Election : '97: British bulldog plays patriotic card for Labour

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The Labour will use a three-year-old bulldog called Fitz to play the patriotic card in the party's second election broadcast tonight.

The bulldog, long a symbol of patriotic Toryism, is seen at the beginning of broadcast tired and worn out after 18 years under a Conservative "master".

Then along comes Tony Blair. After proposals for health, education, law and order and a quick dig at 22 Tory tax rises, the dog starts to perk up.

"I am a British patriot," says Mr Blair. "We need a government that will lead in Europe. A divided Conservative party cannot fight for Britain."

This is intercut with scenes of Mr Blair with Bill Clinton, Mr Blair with Nelson Mandela and the bulldog waking up and straining at its leash. Eventually it breaks free so that it can run towards the rose-coloured future that is a Labour gov- ernment.

"It is a completely New Labour dog," said Peter Mandelson MP, the party's senior spin doctor, tongue firmly in cheek.

"I love the bulldog. I think the public will love the bulldog. I think the people will demand that we bring the bulldog back."

Fitz is a family pet, but party workers refused to name the family. Perhaps fearing a "Jennifer's dog" incident if it turns out to belong to a Tory.

Tony Blair and Baroness Thatcher's worries about the long election campaign turning people off is reflected in poor viewing figures for news programmes on television.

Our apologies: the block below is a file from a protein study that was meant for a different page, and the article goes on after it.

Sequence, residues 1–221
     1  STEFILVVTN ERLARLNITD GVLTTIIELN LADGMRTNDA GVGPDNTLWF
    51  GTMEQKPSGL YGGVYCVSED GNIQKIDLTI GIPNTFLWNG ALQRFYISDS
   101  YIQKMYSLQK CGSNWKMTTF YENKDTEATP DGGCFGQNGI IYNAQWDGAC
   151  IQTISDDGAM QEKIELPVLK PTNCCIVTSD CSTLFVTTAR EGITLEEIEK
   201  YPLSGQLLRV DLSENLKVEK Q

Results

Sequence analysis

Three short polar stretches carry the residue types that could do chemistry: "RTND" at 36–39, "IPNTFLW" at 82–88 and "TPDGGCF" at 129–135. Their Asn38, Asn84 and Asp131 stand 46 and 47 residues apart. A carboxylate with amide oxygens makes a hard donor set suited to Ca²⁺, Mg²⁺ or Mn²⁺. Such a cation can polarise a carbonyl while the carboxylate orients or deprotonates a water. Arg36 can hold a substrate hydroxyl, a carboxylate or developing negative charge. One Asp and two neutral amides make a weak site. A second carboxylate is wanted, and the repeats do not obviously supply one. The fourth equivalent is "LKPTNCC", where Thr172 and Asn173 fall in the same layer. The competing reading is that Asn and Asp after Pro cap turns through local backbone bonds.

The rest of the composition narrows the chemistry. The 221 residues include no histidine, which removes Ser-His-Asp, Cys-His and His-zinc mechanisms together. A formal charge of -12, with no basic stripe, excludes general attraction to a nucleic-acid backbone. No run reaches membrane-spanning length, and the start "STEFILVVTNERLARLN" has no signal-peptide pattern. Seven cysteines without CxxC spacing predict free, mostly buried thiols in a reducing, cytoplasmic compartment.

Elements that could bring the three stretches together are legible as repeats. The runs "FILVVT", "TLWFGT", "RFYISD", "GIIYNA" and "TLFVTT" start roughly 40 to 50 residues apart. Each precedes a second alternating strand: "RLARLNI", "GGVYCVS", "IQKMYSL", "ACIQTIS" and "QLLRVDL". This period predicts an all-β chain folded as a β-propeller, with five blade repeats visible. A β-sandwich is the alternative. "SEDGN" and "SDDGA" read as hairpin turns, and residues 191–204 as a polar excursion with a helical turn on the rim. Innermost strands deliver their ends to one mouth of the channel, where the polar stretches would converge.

The Nine O'clock News, which was blamed at the weekend by Mr Blair for boring the electorate with tit-for-tat election coverage, has been hardest hit by election apathy.

The BBC's flagship news programme's viewing figures tumbled by nearly two million from an average of 6.1 million to around four million since it increased its length by 25 minutes to give more election coverage on 2 April.

The corporation is powerless to improve its news ratings because it feels it has a duty to inform the public during the election: "Our public service obligation is part of the democratic process," said BBC News spokesman Richard Peel.

"We are giving people information to help them make a choice."

Peel believes that the phoney campaign before the election was called has put people off, but expects interest to recover closer to polling day.

News at Ten has lost an around 800,000 viewers from its 6m average, but its programme has not been extended.

Channel 4 News and Newsnight seem to have an in-built constituency of political addicts and their viewing has fallen by much smaller amounts. Newsnight is down 100,000 to one million and Channel 4 News is down 40,000 to 700,000.

Newspapers are doing no better. In the official Audit Bureau of Circulation figures for March, only one daily newspaper - the Sun - saw its sales rise significantly compared with February, while the rest largely stood still.